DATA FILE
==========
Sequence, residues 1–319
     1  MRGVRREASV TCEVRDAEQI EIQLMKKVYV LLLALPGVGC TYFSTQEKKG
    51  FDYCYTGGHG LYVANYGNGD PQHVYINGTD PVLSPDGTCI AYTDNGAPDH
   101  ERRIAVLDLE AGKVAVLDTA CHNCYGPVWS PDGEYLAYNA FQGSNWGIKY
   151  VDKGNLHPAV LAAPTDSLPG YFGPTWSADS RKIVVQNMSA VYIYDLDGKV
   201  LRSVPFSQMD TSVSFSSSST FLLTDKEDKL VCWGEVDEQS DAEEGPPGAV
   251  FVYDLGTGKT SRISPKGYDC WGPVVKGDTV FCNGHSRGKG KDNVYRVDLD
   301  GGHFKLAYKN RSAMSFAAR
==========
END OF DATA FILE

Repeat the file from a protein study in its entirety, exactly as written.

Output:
Sequence, residues 1–319
     1  MRGVRREASV TCEVRDAEQI EIQLMKKVYV LLLALPGVGC TYFSTQEKKG
    51  FDYCYTGGHG LYVANYGNGD PQHVYINGTD PVLSPDGTCI AYTDNGAPDH
   101  ERRIAVLDLE AGKVAVLDTA CHNCYGPVWS PDGEYLAYNA FQGSNWGIKY
   151  VDKGNLHPAV LAAPTDSLPG YFGPTWSADS RKIVVQNMSA VYIYDLDGKV
   201  LRSVPFSQMD TSVSFSSSST FLLTDKEDKL VCWGEVDEQS DAEEGPPGAV
   251  FVYDLGTGKT SRISPKGYDC WGPVVKGDTV FCNGHSRGKG KDNVYRVDLD
   301  GGHFKLAYKN RSAMSFAAR